- How does a force that is proportional to displacement result in an oscillation?
- Are all oscillations simple harmonic?
- What is the connection between oscillations and waves?
- Are waves really made of an infinite number of wavelets?
It may be called the simple pendulum but deriving the equation for its motion isn't easy. In the simple treatment the forces are balanced at the bottom but this isn't really true. Examiners like to see if you realise this.
Wave quantities wave propagation reflection refraction interference diffraction
It is easy to observe the wave motion in a string but it doesn´t tell the whole story of wave properties. A string wave can't diffract or interfere. Sometimes simple explanations cause misunderstandings. Here a string wave is polarised by a narrow slit.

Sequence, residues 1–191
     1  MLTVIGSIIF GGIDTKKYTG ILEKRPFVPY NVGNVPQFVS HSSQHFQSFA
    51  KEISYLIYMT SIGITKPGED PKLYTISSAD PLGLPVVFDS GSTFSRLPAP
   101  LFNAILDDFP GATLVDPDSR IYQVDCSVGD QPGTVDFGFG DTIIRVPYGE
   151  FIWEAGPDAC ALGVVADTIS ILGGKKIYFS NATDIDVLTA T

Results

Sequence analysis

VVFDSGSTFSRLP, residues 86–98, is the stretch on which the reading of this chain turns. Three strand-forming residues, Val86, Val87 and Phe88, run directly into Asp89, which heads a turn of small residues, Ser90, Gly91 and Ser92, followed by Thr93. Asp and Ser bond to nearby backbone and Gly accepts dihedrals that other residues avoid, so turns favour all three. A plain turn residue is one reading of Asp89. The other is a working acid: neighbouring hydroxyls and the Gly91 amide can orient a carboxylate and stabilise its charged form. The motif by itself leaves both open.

To understand the propagation of electromagnetic waves you need to have studied the next section on electromagnetism. However it is enough to use what we know about other waves to understand the wave nature of light.
Another physics book classic, the mass hanging on a spring. A bit easier to analyse than a pendulum but not as easy as the mass on a spring in space. Quite obvious that the acceleration is proportional to displacement, once you realise that SHM follows.
Wave simulations use the same mathematical equations that are used to model real waves so have the same properties. Here a ripple tank simulation will be used to show how waves reflect, refract, interfere and diffract.